* ContractualBossImmunity: About half of the bosses are immune to stun attacks like the tranquilizer. However, that means the other half -- ''including the the final boss'' -- are not. This renders the final battle a ridiculously one-sided curbstomp.
* CrateExpectations: Small crates with useful stuff inside.
* CrowbarCombatant: One step up from the bayonet, and the only other melee weapon with multiple copies.
* CunningLinguist: Owicz plays the part of the team's interpreter (although seeing as they don't meet that many Poles along the way...) as he's capable of communicating in his native Polish, English, Russian, and, [[AllThereInTheManual according to the manual]] (he never actually shows it in the game), German. Justified in that all of the three foreign languages are commonly taught in Poland.
* DefendCommand: There's a Guard option which halves incoming damage for that turn. Useful if you're trying to lure in foes with a ranged attack.
* DenialOfDiagonalAttack: All melee attacks and some ranged weapons can inexplicably be used to attack only along the vertical and horizontal axis.
* DualBoss: The Incubuses.
* ExplodingBarrels: They deal 40 damage to anyone next to or at the immediate diagonal of them when they explode.
* ExpositionBreak: Only at the end of the game do you receive an explanation about what's been going on, and it takes a while to listen to all of it.
* FaceHeelTurn: [[spoiler:Medusa]], though it's optional if you avoid the trigger. If you don't, you'll find a replacement party member (assuming he doesn't blow himself up).
* FightWoosh
* FourIsDeath: Joan [=McFadden=] could be considered the "canonical" fourth party member, since like the three main characters she's a NATO operative that was part of the second squad sent in to investigate the incident. [[spoiler: she dies a fairly drawn-out PlotlineDeath about 2/3rds of the way through the game.]]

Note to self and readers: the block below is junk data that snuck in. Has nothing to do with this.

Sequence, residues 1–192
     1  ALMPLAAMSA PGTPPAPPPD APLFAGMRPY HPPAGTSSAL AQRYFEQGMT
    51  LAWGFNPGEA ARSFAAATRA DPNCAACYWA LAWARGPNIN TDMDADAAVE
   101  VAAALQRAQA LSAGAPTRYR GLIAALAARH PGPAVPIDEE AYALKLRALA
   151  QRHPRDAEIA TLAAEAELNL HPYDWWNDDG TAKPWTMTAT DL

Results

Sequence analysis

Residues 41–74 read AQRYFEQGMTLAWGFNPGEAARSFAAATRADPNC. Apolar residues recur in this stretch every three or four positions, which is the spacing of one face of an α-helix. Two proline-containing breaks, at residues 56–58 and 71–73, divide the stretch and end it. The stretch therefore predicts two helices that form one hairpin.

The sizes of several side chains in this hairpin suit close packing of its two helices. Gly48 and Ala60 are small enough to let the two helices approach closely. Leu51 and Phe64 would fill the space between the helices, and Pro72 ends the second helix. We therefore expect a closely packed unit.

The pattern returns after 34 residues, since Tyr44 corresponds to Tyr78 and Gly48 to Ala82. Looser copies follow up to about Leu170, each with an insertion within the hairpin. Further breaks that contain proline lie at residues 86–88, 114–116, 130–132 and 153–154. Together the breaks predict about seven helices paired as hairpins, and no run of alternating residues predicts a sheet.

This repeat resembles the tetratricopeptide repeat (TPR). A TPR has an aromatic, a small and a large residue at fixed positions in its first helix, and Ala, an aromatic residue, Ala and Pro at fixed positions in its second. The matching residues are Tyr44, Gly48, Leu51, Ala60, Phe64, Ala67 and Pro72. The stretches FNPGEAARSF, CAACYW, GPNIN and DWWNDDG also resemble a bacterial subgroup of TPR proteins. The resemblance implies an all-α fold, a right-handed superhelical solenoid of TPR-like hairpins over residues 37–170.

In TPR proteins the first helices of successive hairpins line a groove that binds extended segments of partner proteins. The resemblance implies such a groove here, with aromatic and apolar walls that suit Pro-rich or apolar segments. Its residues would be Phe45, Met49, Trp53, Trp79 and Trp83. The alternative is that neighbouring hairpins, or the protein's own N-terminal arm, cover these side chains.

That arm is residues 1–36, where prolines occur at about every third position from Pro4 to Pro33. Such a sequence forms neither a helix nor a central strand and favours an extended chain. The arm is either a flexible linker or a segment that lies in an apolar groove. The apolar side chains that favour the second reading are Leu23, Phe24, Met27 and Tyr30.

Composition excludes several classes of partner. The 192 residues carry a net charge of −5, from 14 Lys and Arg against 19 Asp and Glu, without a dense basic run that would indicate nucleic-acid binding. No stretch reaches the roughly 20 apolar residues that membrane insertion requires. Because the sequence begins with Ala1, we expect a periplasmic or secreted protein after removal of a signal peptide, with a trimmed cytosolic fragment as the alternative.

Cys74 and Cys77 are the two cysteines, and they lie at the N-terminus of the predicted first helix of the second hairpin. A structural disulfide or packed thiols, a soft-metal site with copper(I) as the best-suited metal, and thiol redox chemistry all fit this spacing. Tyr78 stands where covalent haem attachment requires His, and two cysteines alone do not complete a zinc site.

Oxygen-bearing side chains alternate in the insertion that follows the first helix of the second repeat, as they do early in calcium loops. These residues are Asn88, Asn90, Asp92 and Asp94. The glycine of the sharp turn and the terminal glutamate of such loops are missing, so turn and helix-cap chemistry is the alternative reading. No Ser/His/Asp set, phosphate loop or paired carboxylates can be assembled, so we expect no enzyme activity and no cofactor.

* FrenchJerk: Thiery Trantigne is a prime example. At some point far into the game he refuses to go after a surrounded Owicz because he's scared shitless of the mutants blocking their path... half of which they have already fought. Although, to be perfectly accurate, when it comes to fighting hideous beasts, Owicz is no Braveheart either.
* FrickinLaserBeams: The Ion Rifle, found after the museum segment. It fires a laser beam in front of and behind the shooter, doing up to 100 damage depending on how much use you've gotten out of it (this is three times greater than any weapon in the game save the TooAwesomeToUse ones). To compensate, a fair number of enemies are immune to energy damage, which is how it's categorized, and it takes four turns to cool down.
* GameplayAndStorySegregation: Happens any time that combat events happen outside of combat.
* GuestStarPartyMember: Everyone who joins you throughout the game.
* HarmlessFreezing: Being frozen paralyzes you and makes you [[DamageIncreasingDebuff vulnerable to damage]] for a few turns, but has no aftereffects.
* HeKnowsTooMuch: [[spoiler: Why teams of NATO soldiers start trying to kill you once you enter the secret lab.]]
* HyperactiveMetabolism: The "Food" item, which gives 20 health.
* HyperspaceIsAScaryPlace: The eventual explanation for exactly what the Hell's going on. Apparently the Russians' experiments in teleporting living things eventually brought back a virus that started spreading and mutating everything in the city.
* InsurmountableWaistHighFence: A tiny bush or a knee-high pipe cannot be walked over and can block your shots. (You cannot even shoot across gaps!) The enemies' shots too, thankfully.
* InvisibleMonsters: Encountered near the end of the game, {{foreshadowed}} throughout. You can only find them by looking for squares on the grid that you should be able to move to but cannot. You cannot see where they move when it's their turn, unless you get attacked. Sounds like a tough nut to crack? Well, that might be the case... until you realize they all have like 30 HP.
* ItemAmplifier: Joan [=McFadden=] heals 15% more damage when she uses healing items on someone.